Though relatively left under the radar due to the hype for PAX West, Naughty Dog and Sony showcased all-new footage for their upcoming The Last of Us Part II at GameStop's Expo in Austin this week. It even led to an appearance of voice actor Troy Baker, who said recently that Joel is more villain than hero. It may not seem like it, but the fandom is very hyped for the release, which might be in October but is more likely set for next year.
The new gameplay reveal is still hidden behind closed doors, unfortunately, due to the fact that the event was mostly held for GameStop employees and managers. The only other footage available for The Last of Us Part II is from E3 2018, which showed an older Ellie, beautifully enhanced graphics, and an all-new breathtaking story to showcase. Troy Baker has even teased that the game will be far larger than thought possible.
We just want new footage...
Or, a release date. Still unknown is what this new story may hold for us, as Joel's act at the end of the first game may shatter his and Ellie's relationship completely in the sequel. It's clear both Sony and Naughty Dog know exactly what they're doing by keeping us in the dark for the time being. With PAX West underway, The Last of Us is bound to get swept under the upcoming hype train, as it so clearly already has.
All we know so far is that the game will feature far darker missions and will entail a narrative that is much more violent in its nature, as recent trailers have shown. The post-apocalyptic world hasn't changed much, but Ellie has still survived. No multiplayer is planned for the game, which is good because the team will focus on bringing the most powerhouse narrative possible.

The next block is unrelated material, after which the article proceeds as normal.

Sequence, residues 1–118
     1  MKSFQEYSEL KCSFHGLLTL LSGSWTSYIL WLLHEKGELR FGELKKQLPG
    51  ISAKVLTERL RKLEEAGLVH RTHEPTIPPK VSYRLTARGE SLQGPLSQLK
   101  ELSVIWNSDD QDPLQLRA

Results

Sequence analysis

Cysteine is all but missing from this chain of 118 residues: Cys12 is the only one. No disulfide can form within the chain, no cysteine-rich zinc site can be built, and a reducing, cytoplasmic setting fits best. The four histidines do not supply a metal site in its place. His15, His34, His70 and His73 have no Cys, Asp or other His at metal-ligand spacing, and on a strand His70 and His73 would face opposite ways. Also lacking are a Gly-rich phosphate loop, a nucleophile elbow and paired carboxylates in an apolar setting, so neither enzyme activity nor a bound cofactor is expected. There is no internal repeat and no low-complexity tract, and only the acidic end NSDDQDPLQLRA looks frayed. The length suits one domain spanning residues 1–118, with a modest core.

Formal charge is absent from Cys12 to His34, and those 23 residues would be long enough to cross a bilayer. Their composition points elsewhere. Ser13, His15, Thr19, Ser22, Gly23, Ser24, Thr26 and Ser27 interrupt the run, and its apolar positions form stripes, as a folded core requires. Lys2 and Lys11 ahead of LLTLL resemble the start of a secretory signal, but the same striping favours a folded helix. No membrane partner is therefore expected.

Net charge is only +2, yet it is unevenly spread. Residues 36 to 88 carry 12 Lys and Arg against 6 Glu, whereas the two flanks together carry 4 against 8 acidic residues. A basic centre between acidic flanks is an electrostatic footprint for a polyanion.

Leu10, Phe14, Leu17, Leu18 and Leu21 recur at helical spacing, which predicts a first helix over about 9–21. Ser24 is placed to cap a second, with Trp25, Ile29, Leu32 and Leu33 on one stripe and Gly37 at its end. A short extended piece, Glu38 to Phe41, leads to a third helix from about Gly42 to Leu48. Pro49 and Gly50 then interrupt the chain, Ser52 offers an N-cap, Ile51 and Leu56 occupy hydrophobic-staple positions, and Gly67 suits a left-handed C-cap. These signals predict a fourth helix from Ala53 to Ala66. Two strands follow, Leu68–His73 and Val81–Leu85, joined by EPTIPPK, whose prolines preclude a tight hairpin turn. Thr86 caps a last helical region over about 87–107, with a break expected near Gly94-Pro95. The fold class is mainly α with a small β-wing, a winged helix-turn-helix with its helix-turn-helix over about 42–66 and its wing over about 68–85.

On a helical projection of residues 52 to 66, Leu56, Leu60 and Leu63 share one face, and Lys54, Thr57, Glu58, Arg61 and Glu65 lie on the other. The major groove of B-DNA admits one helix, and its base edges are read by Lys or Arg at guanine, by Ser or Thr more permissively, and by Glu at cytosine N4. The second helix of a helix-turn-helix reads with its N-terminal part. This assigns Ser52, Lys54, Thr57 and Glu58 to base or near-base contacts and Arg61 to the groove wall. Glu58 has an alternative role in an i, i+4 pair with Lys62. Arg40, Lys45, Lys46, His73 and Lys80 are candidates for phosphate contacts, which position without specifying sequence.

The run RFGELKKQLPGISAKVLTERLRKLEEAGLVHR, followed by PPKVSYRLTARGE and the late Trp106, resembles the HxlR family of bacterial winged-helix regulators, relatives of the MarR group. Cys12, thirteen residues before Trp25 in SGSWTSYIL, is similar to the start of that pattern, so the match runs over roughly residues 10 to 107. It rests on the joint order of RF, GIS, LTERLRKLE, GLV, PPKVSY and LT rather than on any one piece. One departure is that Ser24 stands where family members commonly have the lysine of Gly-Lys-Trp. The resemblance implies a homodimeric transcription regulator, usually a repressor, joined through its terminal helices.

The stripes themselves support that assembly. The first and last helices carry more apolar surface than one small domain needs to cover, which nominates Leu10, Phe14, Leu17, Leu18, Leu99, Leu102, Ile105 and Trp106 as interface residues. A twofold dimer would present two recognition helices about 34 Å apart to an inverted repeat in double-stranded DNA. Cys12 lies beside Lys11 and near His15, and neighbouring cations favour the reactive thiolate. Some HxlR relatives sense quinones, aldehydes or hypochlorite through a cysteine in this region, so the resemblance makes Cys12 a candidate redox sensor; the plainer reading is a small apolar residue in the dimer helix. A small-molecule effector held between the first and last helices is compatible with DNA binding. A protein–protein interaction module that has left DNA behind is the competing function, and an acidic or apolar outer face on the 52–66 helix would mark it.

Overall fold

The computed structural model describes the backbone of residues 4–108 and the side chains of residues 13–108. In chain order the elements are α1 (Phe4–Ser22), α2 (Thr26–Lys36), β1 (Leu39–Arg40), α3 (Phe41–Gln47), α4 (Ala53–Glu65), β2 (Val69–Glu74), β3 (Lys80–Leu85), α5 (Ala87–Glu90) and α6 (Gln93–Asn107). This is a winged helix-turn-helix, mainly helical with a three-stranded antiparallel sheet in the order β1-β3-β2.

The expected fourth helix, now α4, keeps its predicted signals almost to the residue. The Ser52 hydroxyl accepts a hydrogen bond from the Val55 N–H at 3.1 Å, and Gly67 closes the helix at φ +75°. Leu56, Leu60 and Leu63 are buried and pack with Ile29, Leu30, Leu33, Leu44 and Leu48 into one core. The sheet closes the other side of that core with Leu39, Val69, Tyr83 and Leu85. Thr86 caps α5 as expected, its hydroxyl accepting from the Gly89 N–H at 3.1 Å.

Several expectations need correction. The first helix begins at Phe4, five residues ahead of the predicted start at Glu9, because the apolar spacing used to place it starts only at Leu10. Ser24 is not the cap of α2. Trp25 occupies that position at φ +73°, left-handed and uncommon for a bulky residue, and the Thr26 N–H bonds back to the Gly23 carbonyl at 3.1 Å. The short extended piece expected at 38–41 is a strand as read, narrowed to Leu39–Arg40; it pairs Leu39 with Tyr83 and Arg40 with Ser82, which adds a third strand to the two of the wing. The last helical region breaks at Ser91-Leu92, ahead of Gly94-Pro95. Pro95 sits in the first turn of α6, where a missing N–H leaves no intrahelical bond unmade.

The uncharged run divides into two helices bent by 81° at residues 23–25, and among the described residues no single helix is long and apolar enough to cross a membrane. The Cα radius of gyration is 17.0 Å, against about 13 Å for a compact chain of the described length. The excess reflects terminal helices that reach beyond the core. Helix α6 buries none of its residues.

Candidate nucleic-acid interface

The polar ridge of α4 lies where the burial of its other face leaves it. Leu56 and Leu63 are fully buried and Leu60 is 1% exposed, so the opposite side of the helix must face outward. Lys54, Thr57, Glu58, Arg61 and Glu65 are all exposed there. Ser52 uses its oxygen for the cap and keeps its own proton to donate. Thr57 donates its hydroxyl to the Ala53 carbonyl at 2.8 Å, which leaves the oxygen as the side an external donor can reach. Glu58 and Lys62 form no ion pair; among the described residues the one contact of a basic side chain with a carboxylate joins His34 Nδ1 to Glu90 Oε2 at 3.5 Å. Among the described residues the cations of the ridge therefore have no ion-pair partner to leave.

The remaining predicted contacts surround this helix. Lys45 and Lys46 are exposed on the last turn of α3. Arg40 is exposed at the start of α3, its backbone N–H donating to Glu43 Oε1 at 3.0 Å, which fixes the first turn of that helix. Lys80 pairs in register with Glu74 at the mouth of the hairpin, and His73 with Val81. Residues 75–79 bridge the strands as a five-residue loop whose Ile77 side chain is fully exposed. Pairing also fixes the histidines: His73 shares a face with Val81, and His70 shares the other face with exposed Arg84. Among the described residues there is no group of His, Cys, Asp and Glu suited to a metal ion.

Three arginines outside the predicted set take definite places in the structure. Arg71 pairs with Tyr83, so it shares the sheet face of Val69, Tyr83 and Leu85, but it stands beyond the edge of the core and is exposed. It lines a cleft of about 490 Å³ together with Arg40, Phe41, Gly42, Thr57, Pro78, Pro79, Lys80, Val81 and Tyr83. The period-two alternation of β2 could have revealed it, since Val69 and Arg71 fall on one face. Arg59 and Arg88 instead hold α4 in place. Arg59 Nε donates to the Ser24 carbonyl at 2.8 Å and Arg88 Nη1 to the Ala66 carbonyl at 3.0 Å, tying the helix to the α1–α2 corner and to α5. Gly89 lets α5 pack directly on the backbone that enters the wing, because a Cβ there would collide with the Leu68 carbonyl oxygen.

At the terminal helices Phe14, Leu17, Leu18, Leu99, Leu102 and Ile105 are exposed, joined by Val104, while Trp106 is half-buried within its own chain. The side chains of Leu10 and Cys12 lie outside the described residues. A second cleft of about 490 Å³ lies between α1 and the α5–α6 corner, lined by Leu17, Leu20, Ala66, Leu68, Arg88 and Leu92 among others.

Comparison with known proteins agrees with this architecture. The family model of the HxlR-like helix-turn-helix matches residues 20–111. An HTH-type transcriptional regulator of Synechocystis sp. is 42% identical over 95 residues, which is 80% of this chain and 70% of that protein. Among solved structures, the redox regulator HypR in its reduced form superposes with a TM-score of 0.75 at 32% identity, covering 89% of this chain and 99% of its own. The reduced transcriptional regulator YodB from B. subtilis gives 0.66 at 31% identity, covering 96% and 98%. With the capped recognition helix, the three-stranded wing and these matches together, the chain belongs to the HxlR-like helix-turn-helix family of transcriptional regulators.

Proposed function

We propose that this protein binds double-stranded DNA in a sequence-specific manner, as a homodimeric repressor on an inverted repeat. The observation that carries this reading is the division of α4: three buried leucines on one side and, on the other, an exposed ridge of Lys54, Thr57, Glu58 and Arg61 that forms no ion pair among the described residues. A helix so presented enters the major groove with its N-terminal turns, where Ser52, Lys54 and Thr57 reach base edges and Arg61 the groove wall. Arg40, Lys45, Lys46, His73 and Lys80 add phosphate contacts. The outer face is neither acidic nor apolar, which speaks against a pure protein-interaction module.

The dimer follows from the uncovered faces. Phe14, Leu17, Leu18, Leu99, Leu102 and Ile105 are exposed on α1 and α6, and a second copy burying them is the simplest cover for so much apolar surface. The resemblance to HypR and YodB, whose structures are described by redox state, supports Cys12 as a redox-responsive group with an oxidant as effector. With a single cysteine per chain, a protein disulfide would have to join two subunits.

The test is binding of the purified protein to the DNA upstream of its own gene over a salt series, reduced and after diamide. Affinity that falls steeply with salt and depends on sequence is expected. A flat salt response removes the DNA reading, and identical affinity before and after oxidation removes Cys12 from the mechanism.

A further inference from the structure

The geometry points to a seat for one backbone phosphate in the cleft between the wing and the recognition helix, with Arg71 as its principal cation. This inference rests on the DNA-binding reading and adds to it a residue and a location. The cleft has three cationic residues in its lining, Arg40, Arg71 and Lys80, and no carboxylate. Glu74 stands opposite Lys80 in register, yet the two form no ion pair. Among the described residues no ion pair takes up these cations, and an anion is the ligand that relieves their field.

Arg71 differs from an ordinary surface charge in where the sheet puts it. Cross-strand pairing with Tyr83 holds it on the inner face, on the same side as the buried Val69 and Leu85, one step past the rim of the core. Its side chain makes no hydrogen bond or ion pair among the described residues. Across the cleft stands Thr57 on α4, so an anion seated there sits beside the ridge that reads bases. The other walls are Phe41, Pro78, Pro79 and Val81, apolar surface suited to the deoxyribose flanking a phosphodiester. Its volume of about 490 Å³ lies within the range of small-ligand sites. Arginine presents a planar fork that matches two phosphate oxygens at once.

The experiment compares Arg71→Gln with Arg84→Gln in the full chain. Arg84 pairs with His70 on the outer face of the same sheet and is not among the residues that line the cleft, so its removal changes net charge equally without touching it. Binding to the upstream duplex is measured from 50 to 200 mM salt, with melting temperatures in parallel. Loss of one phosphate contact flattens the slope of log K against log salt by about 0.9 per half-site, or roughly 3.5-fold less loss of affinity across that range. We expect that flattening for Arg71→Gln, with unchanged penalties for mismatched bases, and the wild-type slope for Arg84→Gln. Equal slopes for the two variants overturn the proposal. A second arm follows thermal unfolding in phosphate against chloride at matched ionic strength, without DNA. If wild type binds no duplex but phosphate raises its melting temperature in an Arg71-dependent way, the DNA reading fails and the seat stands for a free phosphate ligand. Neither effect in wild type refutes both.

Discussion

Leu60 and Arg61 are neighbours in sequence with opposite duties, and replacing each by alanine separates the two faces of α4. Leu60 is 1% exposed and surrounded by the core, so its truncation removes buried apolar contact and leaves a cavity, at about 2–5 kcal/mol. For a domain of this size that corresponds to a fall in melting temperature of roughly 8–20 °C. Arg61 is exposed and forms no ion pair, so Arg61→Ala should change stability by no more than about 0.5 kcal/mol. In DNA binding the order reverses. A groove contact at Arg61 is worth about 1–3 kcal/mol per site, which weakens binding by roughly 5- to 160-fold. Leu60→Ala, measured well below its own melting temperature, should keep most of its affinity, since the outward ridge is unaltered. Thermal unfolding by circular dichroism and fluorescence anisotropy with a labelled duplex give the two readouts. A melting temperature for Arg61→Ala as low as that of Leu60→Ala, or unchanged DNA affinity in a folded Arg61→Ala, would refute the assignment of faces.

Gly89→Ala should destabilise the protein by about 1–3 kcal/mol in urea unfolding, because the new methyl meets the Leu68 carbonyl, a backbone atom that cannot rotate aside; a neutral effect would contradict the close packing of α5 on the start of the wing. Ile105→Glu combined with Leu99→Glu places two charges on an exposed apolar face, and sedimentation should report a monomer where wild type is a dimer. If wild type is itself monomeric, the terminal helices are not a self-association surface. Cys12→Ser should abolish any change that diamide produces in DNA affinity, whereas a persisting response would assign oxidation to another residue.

Most rumors point to either October of this year or for February of 2020, but it's relatively unclear. Debuting this November, both Jedi: Fallen Order and Death Stranding may make it difficult for PlayStation and Naughty Dog to go up against such anticipated titles. And, with Borderlands 3 only weeks away from launch, it wouldn't be wise on Sony's part to go up against 3 games, when early 2020 would be ripe for the taking.
With fan-centered "Outbreak Day" less than a month away on September 26th, the day the in-game virus reached critical mass, there's bound to be more information on the horizon. There's also the PlayStation State of Play event on November 1st, as well, so anything is possible. But one thing is for sure, fans are seriously buying into the wait. The previous game gave them a view into a world far scarier than Cormac McCarthy's The Road and even more active than Stephen King's The Stand. The Last of Us drove home this notion of survival at all odds.
Hope is dead, yet can only be regained by staying together. As all fandoms should.